Think back to the last form letter you encountered. It might have been an appointment reminder, a snack assignment for your child’s class, or something more consequential such as a do-it-yourself will. In the days before mail merge, scribes often wrote out the text of common documents, leaving blank spaces for particular names and dates, to have them ready in the event that they were needed quickly.
Today’s daf explores whether it’s kosher to create a fillable form for various items, including bills of divorce. A mishnah states:
A scribe who writes the standard part of bills of divorce (in advance) must leave empty the place for the name of the man, the name of the woman and the date.
The mishnah goes on to list other form documents that can be created for loans, sales and the like, and then concludes with a difference of opinion:
Rabbi Yehuda invalidates all (form documents written in advance).
Rabbi Elazar deems all of them valid except for bills of divorce, as it is stated in the Torah: “And he writes for her” (Deuteronomy 24:1), indicating that he must write the bill of divorce for her sake.
In contrast to the general opinion of the sages noted at the beginning of our mishnah, Rabbi Yehuda believes that all form documents are forbidden while Rabbi Elazar invalidates only bills of divorce, citing the Torah verse that says each get must be written individually for that particular woman. The Gemara will now parse out these opinions to get to the bottom of the disagreement and come to a conclusion about whether one can use a boilerplate get, filling in the names retroactively.
First, the Gemara notes:
The unattributed opinion of the mishnah is the opinion of Rabbi Elazar, who says: Witnesses of the transmission of the get effect the divorce, and we require the writing to be for her sake.
Here, the Gemara discards (or, perhaps, revises) the plain meaning of Rabbi Elazar’s named statement in the mishnah and says that the opinion of the sages and Rabbi Elazar are the same: The standard portions of a get can be pre-written, because what really effects the get are the signatures of the witnesses. Therefore, if it is signed just for her, it fulfills the Torah’s requirement of it being written for her.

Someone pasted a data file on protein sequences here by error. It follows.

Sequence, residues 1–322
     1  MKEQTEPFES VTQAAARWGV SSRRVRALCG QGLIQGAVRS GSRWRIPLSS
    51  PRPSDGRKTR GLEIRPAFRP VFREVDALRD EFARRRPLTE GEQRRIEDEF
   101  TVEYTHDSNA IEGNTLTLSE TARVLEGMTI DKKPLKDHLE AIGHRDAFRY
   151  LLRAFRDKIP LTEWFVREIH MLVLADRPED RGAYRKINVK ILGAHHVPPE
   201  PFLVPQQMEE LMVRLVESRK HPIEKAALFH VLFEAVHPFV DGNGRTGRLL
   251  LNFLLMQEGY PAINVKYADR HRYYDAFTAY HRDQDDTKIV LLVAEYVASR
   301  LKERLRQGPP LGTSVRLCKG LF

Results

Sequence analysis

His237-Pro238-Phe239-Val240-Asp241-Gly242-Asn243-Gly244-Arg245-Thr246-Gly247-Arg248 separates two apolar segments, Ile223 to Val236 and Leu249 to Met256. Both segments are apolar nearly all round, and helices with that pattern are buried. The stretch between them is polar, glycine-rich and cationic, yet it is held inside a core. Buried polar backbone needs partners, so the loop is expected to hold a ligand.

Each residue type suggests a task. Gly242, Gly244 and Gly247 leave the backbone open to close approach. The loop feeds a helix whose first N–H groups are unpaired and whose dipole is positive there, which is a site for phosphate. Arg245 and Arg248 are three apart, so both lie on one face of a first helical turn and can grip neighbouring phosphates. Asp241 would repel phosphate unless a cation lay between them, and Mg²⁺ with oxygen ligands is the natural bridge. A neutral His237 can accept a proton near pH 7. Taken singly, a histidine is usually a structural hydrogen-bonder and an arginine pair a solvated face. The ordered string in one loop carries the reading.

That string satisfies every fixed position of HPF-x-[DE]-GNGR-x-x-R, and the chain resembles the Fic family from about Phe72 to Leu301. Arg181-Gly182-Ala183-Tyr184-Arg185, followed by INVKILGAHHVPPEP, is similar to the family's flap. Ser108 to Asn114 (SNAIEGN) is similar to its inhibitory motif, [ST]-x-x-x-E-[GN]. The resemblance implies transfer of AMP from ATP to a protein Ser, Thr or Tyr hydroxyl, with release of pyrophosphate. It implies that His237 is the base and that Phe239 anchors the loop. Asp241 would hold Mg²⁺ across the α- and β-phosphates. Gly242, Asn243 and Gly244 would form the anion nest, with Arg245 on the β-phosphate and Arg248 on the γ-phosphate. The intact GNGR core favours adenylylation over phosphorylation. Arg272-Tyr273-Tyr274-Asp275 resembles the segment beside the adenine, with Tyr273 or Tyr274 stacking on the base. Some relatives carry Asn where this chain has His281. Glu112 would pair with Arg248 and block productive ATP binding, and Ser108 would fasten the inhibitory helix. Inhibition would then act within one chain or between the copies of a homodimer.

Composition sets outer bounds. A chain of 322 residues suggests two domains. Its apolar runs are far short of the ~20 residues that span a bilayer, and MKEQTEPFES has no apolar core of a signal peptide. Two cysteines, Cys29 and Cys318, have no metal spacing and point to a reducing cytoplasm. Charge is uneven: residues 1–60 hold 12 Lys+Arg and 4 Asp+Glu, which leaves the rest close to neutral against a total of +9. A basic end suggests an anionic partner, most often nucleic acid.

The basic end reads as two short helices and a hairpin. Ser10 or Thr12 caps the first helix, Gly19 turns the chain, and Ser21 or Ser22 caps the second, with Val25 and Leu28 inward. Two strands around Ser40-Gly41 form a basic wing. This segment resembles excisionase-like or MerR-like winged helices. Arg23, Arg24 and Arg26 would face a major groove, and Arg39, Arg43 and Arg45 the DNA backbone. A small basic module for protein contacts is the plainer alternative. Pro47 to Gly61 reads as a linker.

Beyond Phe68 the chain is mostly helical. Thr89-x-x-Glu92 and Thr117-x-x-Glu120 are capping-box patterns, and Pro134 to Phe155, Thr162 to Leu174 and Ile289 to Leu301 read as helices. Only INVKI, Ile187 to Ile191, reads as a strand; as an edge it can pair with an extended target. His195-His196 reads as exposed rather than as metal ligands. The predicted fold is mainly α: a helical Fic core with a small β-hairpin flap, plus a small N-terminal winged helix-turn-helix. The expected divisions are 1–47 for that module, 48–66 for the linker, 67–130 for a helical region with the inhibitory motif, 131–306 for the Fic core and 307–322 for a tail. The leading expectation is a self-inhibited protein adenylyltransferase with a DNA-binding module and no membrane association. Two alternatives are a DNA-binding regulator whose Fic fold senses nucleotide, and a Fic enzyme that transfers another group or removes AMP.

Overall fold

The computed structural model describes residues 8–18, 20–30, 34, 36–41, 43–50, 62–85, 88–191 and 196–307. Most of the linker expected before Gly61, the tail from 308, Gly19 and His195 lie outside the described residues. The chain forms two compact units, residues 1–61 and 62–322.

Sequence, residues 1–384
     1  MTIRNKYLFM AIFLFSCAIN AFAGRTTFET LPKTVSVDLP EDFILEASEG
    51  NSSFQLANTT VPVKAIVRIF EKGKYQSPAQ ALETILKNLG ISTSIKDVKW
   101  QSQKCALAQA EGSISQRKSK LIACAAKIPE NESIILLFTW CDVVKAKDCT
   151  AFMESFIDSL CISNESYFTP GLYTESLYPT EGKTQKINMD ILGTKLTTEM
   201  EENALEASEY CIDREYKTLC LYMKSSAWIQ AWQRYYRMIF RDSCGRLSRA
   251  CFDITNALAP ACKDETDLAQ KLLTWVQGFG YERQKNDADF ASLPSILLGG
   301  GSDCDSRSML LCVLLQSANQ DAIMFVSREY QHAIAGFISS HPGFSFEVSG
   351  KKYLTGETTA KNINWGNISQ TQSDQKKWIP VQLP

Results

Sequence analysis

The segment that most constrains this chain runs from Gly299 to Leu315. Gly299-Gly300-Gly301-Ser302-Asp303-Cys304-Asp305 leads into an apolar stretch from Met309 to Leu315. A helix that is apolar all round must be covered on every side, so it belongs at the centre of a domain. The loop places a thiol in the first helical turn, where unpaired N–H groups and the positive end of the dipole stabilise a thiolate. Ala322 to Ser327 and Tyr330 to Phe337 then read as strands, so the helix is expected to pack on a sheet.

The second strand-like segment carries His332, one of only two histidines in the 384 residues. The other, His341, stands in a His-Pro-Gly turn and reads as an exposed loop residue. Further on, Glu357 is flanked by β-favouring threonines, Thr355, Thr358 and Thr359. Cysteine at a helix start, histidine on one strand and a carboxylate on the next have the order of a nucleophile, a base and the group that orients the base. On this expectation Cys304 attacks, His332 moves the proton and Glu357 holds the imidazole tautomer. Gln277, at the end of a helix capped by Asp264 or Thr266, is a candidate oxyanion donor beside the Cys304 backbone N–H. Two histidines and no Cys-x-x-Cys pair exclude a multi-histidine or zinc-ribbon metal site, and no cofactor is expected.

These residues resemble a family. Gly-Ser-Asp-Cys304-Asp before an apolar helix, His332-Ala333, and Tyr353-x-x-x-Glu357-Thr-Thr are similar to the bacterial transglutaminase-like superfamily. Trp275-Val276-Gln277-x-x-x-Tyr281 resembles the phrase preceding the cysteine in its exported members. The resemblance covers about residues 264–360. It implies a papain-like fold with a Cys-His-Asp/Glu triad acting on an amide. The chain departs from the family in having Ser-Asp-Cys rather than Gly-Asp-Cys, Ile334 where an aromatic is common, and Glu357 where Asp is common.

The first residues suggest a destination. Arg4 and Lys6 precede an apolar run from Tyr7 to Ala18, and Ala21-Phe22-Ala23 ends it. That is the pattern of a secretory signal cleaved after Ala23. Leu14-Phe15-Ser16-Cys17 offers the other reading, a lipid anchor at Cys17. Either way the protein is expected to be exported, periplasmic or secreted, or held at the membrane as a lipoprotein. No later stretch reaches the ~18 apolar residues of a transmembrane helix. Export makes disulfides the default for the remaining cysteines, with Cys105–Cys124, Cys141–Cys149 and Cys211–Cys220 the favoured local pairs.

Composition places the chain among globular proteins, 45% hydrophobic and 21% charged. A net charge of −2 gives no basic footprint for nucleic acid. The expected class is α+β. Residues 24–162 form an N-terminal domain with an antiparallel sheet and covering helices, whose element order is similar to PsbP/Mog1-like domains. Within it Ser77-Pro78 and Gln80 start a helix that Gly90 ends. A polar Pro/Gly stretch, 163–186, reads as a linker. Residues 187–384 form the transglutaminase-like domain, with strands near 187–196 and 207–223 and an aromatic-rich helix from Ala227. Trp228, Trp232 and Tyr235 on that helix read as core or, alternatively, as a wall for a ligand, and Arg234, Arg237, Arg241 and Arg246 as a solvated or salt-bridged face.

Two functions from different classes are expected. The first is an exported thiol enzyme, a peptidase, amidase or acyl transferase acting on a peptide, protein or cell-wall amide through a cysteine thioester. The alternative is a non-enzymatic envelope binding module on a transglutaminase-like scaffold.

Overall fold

Next, the Gemara notes that form documents for divorces are allowed “due to the ordinance.” It then poses the logical question:
To what ordinance is the mishnah referring? Rabbi Yonatan says: Due to the ordinance for the benefit of a scribe.
Although one might think that the standard part of a get should be written uniquely for each divorce, Rabbi Yonatan reminds us that a fill-in-the-blank form is permitted so as not to unduly inconvenience the scribes.
But are we sure that “the ordinance” refers to scribes? There might be an even more compelling possibility.
Rabbi Shabbetai says that Hizkiyya says: The ordinance was instituted to prevent a quarrel.
Maybe the ordinance isn’t about scribes at all. Maybe it’s to protect the couple from a fight. If the woman hears about a pre-written get, she may be (understandably) hurt and angry. Therefore, the sages prevent the scribe from writing in any specifics in advance. There is also a concern that if a man has a get on hand with everything filled in, he might have a fight with his wife and hand her the get in a rage, rashly ending his marriage. Allowing scribes to write the standard pieces and not the specific pieces in advance prevents this outcome.
And there is a third possibility:
Rav Hisda said that Avimi said: The ordinance is to provide a remedy for deserted wives.
A deserted wife, or agunah, is a woman whose husband disappears (or deserts her intentionally) without having divorced her, leaving her “chained” to her dead marriage and unable to remarry. Imagine a man has to go overseas quickly. Normally, in this situation, a man would write a get for his wife so that if he disappeared, she would not be left as an agunah. But now imagine he can’t find a scribe on short notice. Allowing the bulk of the get to be written in advance mitigates against the concern that he would end up leaving without writing her a get.
In all these cases, a woman can be confident that even if a get starts out as a form letter, as long as the particulars and signatures are completed just for her, it’s still kosher.
Read all of Gittin 26 on Sefaria.